• The general rate of wages, in any given class, group or industry, is determined by the standard of living of the most expensive families furnishing the necessary part of the supply of labor in that country, class, group or industry. [more…]

  • The standard of living in any community is always high or low, according as the social life of the masses is simple or complex; that is to say, as the number of the habitual daily wants of the people is large or small. [more…]

  • The wants of mankind are everywhere simple or complex according to the quality of the habits and Customs of the society in which he moves. Habit not only governs our social wants, but it exercises an important influence over our physical wants also. [more…]

  • Frequent contact with enjoyable conditions creates desire for them, and by repeated satisfaction the desire grows into a taste, and tastes into absolute wants, which ultimately become a part of the habits and fixed character, or second nature. [more…]

  • The first condition for social opportunity which consists of frequent contact with an increasing variety of social influences is LEISURE. So long as one's time is all occupied in the mere getting of a living, the chance for social influences to operate upon him, which creates new desires, is impossible. [more…]

  • The adoption of an eight-hour system would tend to increase wages in two ways: first, by reducing enforced idleness; second, by creating new wants, and raising the standard of living. [more…]

  • Whatever tends to raise wages through increasing the aggregate consumption of wealth, necessarily tends to reduce the cost of production and lower prices. [more…]

  • By the increased aggregate production, the laborer can get more wealth through his higher wages, the general consumer can obtain more through lower prices, and the manufacturer while receiving a smaller per cent. of the total products actually obtains a greater quantity of wealth through the larger productions and extended business. [more…]

  • We are therefore warranted in saying that the economic effects of a general reduction of the hours of labor would be to raise the standard of living and increase real wages; promote the concentration of capital; and the use of improved machinery; will cheapen production, lower prices, and while diminishing the rate, will increase the aggregate amounts of profits. Obviously, therefore, it would tend to improve the economic and social condition of the laborer and the consumer without injuring that of any other class.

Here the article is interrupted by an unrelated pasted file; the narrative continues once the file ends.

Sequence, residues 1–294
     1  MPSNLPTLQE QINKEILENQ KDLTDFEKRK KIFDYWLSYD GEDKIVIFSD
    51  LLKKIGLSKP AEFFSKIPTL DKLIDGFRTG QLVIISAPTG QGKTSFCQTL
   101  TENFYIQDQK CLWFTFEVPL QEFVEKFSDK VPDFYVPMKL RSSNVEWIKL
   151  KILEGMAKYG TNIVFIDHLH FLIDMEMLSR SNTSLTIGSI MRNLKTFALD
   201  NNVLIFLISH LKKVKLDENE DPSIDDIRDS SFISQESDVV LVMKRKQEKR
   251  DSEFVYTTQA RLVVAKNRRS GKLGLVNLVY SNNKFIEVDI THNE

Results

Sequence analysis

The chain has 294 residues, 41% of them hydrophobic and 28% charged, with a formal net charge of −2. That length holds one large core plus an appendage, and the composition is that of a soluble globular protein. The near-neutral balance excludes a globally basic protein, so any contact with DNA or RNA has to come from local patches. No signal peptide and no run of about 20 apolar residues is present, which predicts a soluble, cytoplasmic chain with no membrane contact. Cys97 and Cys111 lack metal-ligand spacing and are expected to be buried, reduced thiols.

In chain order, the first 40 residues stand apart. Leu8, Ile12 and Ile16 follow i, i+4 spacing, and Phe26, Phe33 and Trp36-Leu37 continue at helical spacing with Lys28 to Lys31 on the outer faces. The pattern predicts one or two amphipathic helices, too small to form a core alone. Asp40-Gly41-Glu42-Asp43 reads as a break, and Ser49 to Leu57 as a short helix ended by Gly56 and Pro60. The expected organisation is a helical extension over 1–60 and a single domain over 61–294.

Myrtle Blackwood said...

    Reduced working hours will "promote the concentration of capital"?

    I presume this occurs through increased aggregate production-consumption?

    I would tend to think that this is likely to be only one possible outcome of reduced working hours. More time off from prodigious, obsessive production allows for opportunities for other types of 'value's to form in individuals and groups. A different set of political values, for instance? Leading to an increasing obhorrence toward the 'concentration of capital' and ever-escalating production and consumption within society?

    It's interesting to observe that, in Australia at least, the actual number of aggregate hours worked per capita in the year has declined over the past few decades.

    Sandwichman said...


    I don't subscribe to some key elements of Gunton's argument and that is one of them. Steward foresaw the elimination of the wages system and of class society through the path of higher wages. The worker and the capitalist would be one, presumably through co-operative ownership.

    Gunton, by contrast, projected a perpetual capitalism of perpetual growth with the concentration of industry into monopolies and trusts. His magazine ended up being subsidized by Standard Oil.